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In Homestead, Michael McSorley Prepares for a “Night of Fights”

Michael McSorley enters the Conn-Greb Boxing Club—a purposefully tucked away, nearly hidden gym on North Craig Street—and sets down a box. “We got some new gloves from our sponsors,” he says to a pair of young men training in a corner. “I got some new mitts, too— let’s compare them to my old ones.”

He walks across the small gym and picks up a worn set of trainer’s punching mitts. Though nearly the same model as the old set, the new mitts still have vibrancy in their color, and they appear larger than the old ones; they haven’t been broken in yet.

“We’ll work on that today for our drills,” McSorley says.

The two young men happily examine their new gloves as well. They’ll be using them for their next match on March 31st at the Carnegie Library of Homestead’s opulent, historic music hall. While McSorley—also well-known as cutman to Sammy Vasquez—has helped foster a number of impressive fighters over the years, this will be his first time on the promotion / production end of things.

“I knew it was going to be stressful,” McSorley admits, but that hasn’t dissuaded him.

In fact, the most difficult part of the event hasn’t been ticketing or setting up a ring in Homestead’s nearly 120 year-old hall: so far, the tricky part has been getting opponents.

“These two aren’t the easiest to match.” McSorley grins, looking towards the two young men working out across the room. “The word is out, y’know?”

The two boxers, Lyubomyr Pinchuk and Oleg Dovhun, requested to train with McSorley and moved to Pittsburgh from the Ukraine to do so. He says they both enjoy it here.

“They’re liking it here, and after next Friday I think Pittsburgh’s going to like them.”

McSorley proudly lists their strengths. Pinchuk as a high-volume counterpuncher and Dovhun as a “super aggressive” puncher that’s light on his feet. Both are former national champions who have traveled and fought around the world; they have racked up over 500 matches combined.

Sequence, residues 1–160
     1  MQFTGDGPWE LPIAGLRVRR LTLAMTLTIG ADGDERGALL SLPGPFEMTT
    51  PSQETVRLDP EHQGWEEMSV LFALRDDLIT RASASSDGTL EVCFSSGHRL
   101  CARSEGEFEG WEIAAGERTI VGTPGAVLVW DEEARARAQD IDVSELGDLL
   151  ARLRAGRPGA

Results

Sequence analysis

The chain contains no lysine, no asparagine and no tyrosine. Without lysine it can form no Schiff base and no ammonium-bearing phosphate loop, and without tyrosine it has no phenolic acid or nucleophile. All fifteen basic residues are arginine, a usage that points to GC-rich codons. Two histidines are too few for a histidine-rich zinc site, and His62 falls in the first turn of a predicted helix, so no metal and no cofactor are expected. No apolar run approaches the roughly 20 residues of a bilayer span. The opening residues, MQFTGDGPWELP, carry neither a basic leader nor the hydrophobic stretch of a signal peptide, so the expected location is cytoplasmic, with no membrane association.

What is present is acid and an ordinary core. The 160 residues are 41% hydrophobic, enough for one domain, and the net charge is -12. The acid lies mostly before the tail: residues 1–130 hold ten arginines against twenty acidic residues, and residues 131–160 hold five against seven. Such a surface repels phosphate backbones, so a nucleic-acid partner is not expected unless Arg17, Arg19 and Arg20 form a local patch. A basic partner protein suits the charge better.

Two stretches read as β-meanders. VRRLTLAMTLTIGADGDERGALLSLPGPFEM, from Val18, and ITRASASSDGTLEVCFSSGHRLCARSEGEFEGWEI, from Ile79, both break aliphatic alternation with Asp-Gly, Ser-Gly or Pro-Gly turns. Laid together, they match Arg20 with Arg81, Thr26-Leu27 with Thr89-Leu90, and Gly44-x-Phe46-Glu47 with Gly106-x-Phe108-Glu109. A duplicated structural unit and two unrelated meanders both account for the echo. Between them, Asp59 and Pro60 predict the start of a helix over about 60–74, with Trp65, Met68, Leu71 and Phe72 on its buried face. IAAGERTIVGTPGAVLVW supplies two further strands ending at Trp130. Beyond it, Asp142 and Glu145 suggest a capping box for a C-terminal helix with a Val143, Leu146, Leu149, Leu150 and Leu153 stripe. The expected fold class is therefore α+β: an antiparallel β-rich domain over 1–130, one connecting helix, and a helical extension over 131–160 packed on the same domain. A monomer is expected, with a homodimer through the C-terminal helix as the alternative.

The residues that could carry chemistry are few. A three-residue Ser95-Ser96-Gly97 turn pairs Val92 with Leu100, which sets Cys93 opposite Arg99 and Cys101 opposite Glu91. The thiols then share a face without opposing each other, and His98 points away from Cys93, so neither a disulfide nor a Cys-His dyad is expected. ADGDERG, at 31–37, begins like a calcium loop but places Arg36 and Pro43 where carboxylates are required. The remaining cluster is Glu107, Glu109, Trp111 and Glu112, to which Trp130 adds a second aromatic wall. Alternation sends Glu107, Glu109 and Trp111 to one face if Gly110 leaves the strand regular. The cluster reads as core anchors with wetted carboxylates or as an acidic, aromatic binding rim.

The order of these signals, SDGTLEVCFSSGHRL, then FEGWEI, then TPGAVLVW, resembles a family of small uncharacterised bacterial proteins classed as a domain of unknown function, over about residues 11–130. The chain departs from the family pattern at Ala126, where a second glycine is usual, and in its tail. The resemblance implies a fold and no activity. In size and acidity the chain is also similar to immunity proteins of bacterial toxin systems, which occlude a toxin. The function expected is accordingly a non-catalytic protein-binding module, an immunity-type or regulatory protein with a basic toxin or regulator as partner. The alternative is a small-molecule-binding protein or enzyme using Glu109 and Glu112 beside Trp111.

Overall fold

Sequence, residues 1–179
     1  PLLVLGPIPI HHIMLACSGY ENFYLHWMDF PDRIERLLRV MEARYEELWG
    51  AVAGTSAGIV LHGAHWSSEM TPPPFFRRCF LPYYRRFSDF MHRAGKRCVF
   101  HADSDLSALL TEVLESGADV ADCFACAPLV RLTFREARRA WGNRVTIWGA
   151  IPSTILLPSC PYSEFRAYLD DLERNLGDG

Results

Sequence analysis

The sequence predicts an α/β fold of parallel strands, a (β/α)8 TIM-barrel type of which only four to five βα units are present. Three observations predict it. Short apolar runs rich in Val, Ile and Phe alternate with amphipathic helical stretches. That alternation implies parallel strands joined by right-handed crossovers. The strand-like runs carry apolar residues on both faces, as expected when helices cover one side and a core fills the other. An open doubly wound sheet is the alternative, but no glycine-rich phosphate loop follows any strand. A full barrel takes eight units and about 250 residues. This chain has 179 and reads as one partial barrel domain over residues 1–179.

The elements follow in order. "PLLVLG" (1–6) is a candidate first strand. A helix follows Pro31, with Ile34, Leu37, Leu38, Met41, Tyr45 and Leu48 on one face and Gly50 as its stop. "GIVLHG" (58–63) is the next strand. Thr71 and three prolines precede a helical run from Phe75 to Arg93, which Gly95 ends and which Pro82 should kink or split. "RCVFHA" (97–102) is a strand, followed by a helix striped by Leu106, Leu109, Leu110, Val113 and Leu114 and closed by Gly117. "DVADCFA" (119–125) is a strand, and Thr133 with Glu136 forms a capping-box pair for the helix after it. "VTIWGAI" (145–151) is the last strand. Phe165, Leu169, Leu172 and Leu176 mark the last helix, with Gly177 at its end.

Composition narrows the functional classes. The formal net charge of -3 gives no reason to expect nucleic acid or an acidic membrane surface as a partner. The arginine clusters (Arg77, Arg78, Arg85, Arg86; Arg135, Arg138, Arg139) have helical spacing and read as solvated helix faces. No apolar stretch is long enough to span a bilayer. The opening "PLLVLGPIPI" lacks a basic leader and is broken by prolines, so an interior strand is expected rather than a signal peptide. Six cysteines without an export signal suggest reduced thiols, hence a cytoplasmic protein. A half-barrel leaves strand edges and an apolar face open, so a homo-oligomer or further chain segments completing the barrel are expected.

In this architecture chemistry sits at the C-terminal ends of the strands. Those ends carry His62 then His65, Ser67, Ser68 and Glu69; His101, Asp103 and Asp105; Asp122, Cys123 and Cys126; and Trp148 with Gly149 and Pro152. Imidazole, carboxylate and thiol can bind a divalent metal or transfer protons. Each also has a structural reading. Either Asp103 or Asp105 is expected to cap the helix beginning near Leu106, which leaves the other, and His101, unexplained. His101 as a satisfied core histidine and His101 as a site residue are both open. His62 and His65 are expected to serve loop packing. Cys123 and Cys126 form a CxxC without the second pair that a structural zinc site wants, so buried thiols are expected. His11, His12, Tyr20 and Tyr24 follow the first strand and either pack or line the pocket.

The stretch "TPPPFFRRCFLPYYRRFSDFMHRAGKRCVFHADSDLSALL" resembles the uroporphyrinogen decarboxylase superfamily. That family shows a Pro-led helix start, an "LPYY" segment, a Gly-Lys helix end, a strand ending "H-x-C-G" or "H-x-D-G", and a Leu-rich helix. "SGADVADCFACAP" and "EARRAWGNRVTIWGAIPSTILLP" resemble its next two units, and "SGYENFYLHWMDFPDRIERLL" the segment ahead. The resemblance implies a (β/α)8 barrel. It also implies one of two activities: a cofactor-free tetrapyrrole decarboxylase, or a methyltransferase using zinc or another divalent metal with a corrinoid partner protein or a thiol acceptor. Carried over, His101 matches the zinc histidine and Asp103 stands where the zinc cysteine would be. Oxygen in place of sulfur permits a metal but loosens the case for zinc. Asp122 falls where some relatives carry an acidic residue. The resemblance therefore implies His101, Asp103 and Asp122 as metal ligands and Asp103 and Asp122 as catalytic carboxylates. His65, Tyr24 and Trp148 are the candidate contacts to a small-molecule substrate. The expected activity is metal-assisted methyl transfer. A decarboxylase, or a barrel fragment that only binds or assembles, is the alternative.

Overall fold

Each fighter, McSorley feels, is the real deal. Between that and their impressive amatuer records, it’s been an uphill challenge to find them opponents for their Pro debuts next week. The bright side of this, McSorley says, is that Pennsylvania is perhaps the strictest state in America to host boxing— meaning no easy or lopsided fights get past the commissioner.

Because matches must be so thoughtfully prepared, “The audience can really get a show here,” McSorley says.

From the main event—Gerald Sherrell at 6-0—to the various undercards, each of the boxers in McSorley’s stable can put on a good show. Mostly undefeated fighters, plus a Golden Gloves winner in fighter Mark Daley, the entire night promises plenty of action.

The most important fighter in McSorley’s life won’t actually be in the ring, but he’s hoping he can at least attend the event.

“Last week my father hit his head and began to bleed out,” McSorley says. “He went into cardiac arrest.”

At the hospital, things looked grim.

“A priest read him his last rites; they were telling us to say our goodbyes,” McSorley says. “But [my father] just wouldn’t do it. He wouldn’t give in.”

Incredibly, McSorley’s father—who he says the Conn-Greb gym wouldn’t even exist without—is feeling better and even hoping to watch the fights in Homestead.

“He’s going to try for sure,” McSorley says with a laugh. “He’s going to make a hard push to be there.”

Another important figure in McSorley’s life, Jimmy Cvetic, will be honored during the event as well. Cvetic, a former police officer-turned-trainer has operated downtown’s WPAL gym for years. A Pittsburgh legend known as much for his training as for his, of all things, poetry readings at Hemingway’s bar in Oakland, McSorley is proud to consider Cvetic a mentor and friend. Beyond the honoring ceremony, however, Jimmy is also involved with one of the night’s undercard fighters, “The Magician” Amonte Eberhardt, himself undefeated at 6-0.

After getting changed and talking to his men Pinchuk and Dovhun for a few moments, McSorley throws on his brand new mitts and begins drills with each fighter. The punches snap like fireworks and, between drills, McSorley smiles. The new mitts will get broken in quickly.

Underneath a grand chandelier in Homestead’s historic music hall on the 31st, the results of Michael McSorley’s training will show themselves to a lucky audience eager to take in a night of fights.

Photos by Julie Kahlbaugh